H O R I Z O N 2 0 2 0 P R O J E C T S : P O R TA L
I S S U E S E V E N
D I G I TA L E C O N O M Y
for individual universities to represent themselves and it takes a lot of
work and expertise. By combining forces, therefore, everybody benefits.
For Coursera, it is great because they have a single entry into a
landscape, and for us it is great because we benefit from their innovation
when it comes to online education.
It is the same story for investment – very often, start-ups go to the United
States because they assume it is easy to access capital there. We think
there are also clever ways where start-ups that are born in Europe can
also be scaled up in Europe and not necessarily have to move. We should
find more clever ways to combine investments, for example a Silicon
Valley investor with a European investor.
So instead of a ‘one way bridge to Silicon Valley’, there is also a ‘return
lane’, and the success of that hub will be measured on the return stream
that can be generated.
How can a more entrepreneurial and positive mindset
be encouraged in Europe?
Europeans are not more risk averse than non-Europeans – it is very
much to do with the circumstances. The entrepreneurial spirit in the past
brought Europe into a leadership position, and whilst getting to the top
is one thing, staying at the top requires continuous effort. And there
Europe has to step up; in the digital domain in particular, Europe needs
to make a comeback.
I am very optimistic about people in general, especially the energy that
there is in Europeans, which is what we need to stimulate. We need to
say, ‘that’s a good thing’, ‘you should do that’, ‘go for it and we will help
you’, and ‘where can we help you?’ – this is mainly our role, rather than
saying ‘why the hassle?’, ‘you won’t succeed’, ‘it’s too difficult’.
The way things are financed in the United States is maybe different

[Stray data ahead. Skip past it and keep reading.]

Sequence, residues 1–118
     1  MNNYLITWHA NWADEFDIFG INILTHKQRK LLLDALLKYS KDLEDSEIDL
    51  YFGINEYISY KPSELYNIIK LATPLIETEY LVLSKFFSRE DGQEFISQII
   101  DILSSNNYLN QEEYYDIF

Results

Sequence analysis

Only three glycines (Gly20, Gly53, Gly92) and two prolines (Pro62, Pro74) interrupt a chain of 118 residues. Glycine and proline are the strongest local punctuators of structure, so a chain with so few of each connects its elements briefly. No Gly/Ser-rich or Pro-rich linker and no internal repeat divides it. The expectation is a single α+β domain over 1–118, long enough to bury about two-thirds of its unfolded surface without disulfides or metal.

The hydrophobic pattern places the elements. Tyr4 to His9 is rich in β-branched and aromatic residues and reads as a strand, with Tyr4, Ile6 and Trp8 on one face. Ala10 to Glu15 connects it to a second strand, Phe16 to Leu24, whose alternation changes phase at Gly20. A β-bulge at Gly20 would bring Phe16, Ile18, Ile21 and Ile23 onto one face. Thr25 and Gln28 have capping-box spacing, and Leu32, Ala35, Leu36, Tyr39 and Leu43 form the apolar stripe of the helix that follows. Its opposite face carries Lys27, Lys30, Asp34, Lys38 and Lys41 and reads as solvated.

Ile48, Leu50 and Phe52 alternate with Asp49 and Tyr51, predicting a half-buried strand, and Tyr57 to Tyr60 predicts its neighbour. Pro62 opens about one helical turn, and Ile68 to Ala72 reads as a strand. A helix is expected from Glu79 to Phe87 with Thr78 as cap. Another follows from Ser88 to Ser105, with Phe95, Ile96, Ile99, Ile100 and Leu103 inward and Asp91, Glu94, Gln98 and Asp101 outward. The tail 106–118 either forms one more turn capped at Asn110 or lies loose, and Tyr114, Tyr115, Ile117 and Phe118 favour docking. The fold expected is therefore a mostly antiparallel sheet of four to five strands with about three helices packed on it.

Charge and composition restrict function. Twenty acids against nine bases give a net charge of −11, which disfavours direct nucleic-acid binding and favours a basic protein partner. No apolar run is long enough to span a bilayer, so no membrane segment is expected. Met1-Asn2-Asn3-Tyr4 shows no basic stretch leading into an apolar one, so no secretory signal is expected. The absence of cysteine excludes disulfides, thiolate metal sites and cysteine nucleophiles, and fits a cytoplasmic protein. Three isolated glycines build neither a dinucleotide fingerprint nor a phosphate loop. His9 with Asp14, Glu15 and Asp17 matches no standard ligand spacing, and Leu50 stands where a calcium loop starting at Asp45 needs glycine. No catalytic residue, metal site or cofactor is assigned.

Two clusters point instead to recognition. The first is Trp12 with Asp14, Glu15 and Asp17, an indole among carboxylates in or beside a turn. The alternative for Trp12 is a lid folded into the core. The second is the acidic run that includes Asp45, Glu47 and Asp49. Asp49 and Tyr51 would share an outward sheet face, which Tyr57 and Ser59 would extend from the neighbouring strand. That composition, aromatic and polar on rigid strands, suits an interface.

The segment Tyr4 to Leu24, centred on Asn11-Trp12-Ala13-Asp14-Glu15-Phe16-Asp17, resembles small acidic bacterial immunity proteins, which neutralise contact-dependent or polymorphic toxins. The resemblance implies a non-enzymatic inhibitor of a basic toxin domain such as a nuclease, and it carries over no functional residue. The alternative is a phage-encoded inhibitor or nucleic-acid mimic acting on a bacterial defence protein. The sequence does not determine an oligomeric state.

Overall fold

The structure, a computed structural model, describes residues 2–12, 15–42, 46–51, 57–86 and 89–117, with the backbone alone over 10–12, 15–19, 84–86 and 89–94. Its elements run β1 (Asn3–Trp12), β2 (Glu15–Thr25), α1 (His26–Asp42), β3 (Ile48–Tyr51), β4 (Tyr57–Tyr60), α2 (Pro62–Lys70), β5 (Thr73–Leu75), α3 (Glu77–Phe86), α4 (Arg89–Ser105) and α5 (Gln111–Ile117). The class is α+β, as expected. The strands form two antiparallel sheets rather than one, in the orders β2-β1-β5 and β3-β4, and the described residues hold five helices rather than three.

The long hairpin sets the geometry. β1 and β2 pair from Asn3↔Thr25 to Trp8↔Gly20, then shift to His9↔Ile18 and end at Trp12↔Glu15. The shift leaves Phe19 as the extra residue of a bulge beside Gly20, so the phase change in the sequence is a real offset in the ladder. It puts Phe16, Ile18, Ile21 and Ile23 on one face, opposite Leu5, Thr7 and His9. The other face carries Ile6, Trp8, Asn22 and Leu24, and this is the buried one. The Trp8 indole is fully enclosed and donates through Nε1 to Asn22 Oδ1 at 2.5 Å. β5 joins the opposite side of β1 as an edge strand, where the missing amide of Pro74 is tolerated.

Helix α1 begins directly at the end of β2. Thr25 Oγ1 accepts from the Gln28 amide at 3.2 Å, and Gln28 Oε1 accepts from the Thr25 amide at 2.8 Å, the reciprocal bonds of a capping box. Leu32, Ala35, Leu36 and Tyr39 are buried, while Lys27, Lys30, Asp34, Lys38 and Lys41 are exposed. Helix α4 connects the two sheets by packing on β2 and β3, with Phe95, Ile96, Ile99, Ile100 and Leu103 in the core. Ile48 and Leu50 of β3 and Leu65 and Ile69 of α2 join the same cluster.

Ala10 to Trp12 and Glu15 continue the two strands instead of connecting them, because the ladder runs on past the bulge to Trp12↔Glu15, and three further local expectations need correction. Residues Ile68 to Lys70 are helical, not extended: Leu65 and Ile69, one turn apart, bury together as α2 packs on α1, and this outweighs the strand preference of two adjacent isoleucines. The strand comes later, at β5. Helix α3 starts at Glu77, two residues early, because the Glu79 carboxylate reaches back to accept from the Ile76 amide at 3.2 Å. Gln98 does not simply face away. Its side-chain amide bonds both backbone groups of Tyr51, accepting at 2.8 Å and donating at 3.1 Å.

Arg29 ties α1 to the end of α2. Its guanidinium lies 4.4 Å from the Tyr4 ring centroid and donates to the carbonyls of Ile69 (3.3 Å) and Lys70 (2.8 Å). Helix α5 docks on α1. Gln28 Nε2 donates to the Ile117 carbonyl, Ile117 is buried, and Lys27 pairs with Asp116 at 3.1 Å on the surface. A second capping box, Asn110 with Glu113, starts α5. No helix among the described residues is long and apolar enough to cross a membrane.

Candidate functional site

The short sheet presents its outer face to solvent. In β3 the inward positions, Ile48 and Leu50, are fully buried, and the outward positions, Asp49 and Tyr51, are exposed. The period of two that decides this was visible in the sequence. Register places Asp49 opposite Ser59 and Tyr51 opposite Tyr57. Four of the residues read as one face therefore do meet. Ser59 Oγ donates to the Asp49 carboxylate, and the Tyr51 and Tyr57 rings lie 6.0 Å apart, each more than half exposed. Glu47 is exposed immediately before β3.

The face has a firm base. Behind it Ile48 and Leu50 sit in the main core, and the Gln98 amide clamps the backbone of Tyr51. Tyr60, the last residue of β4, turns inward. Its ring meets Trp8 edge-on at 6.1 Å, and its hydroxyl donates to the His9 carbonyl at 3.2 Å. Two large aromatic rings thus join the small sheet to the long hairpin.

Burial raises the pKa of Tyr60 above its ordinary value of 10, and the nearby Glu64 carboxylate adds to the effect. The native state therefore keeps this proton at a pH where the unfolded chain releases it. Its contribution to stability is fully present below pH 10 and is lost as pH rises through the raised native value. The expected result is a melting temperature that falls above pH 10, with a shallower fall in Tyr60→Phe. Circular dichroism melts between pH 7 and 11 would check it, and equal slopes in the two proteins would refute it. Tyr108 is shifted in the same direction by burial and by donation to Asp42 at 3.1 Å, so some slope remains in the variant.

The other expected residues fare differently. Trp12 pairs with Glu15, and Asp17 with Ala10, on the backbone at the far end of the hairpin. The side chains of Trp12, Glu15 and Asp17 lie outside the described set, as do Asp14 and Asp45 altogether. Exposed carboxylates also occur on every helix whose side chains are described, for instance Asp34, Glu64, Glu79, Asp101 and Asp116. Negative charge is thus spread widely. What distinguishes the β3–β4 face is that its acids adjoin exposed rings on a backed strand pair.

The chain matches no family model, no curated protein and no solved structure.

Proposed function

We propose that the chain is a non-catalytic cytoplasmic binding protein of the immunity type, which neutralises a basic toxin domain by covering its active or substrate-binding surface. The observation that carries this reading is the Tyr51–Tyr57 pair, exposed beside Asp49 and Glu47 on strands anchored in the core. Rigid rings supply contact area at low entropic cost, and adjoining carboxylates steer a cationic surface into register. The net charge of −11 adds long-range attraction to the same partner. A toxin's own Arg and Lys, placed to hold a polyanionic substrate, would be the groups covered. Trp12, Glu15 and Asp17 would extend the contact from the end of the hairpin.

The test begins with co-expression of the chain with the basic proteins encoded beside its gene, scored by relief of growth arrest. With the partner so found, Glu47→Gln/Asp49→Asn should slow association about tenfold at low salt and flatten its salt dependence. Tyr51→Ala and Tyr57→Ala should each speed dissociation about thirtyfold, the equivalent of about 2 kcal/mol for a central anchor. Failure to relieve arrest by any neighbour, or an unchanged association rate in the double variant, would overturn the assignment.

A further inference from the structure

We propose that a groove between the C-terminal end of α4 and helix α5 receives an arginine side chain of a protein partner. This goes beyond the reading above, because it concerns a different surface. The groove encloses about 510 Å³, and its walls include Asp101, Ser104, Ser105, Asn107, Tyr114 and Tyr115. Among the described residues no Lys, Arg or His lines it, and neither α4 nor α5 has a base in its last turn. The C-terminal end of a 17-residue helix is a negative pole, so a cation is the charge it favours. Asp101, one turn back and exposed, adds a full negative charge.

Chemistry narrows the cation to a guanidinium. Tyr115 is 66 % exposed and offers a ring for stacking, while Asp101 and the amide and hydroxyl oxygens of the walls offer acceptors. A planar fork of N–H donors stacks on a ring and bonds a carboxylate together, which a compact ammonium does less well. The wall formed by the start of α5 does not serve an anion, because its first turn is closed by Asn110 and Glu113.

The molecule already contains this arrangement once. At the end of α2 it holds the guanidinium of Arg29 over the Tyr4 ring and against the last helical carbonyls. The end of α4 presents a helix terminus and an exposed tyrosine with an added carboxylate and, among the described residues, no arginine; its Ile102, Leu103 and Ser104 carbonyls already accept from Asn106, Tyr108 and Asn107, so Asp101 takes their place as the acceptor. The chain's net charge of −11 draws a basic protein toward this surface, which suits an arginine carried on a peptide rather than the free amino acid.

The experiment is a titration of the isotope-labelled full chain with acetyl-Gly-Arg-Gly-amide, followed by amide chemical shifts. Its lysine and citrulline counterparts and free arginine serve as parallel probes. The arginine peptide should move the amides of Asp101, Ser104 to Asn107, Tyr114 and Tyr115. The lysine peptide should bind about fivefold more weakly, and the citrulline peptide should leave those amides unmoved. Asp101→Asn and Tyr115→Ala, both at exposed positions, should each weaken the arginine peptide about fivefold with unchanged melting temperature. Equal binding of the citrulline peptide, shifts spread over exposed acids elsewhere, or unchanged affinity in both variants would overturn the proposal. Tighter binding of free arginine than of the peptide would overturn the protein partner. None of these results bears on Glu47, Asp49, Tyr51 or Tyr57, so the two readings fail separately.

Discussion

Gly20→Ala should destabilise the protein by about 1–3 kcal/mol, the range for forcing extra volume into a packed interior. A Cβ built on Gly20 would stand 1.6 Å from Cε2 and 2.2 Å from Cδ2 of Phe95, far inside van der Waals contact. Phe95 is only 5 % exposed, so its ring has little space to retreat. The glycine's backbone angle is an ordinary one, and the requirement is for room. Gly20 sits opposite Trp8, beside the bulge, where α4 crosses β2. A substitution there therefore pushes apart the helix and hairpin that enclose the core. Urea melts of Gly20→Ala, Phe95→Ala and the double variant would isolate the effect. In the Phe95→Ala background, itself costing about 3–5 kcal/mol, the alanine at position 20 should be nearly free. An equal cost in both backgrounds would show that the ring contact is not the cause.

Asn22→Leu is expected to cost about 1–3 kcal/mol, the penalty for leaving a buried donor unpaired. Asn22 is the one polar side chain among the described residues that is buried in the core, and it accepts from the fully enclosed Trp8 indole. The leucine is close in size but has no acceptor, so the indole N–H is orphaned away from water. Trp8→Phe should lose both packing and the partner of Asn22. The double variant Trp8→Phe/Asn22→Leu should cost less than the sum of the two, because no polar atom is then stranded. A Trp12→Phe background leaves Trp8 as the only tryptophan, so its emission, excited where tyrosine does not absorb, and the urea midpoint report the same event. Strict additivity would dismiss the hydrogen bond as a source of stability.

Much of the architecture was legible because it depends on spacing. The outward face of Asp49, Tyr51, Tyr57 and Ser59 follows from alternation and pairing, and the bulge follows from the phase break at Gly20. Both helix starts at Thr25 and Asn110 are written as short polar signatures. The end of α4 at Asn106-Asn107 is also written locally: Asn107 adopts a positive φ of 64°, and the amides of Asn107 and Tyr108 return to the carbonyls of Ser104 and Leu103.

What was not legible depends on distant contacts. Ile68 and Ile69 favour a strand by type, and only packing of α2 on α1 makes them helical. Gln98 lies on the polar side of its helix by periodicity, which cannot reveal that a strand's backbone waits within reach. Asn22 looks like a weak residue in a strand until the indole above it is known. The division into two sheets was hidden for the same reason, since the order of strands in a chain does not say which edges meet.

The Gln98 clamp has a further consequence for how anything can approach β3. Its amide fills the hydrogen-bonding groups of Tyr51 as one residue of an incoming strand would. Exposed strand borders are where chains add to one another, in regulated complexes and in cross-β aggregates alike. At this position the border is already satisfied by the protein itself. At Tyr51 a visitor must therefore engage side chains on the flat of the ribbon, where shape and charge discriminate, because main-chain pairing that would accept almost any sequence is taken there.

compared to Europe, but it does not mean that we cannot do it with the
B R OW S Ewww.eitdigital.eu www.eit.europa.eu
H O R I Z O N
2 0 2 0
different financial tools we have and get just as
good successes. If you look at the critical mass,
we are more distributed – Silicon Valley is very
condensed; however, Google needs its
customers worldwide, not only in the Valley.
Therefore, it doesn’t matter so much where a
scale-up is based; why could you not serve
Europe as well as Silicon Valley?
It is important to have strong ICT companies in
Europe. At global level we need to have a
balance when it comes to digital innovation; a
strong global imbalance with only one source
of innovation in the long run is unsustainable.
To rebalance the current situation, an additional
effort here in Europe is needed.
How do you see EIT Digital
developing in the next five years?
Geographically, there is a focus on consolidation,
so no direct expansion. Sustainability is
extremely high on the agenda – how to make
sure that we have a diversified income.
Another focus is impact. We are starting to
deliver our students and our growth numbers
for scale-ups. However, impact is different from
delivery – we have delivered our first 70 master
school students, and within the next five years,
it would be great to see that these people have
entrepreneurial leadership positions, are either
starting their own company or have been
recognised by their environment as true
engines of innovation; then they have impact.
Building a strong brand based on quality,
sustainability via monetisation of our
infrastructure, services and results, and
achieving global impact – that is our agenda
for the coming years.
With a new base
in Silicon Valley,
EIT Digital is
linking European and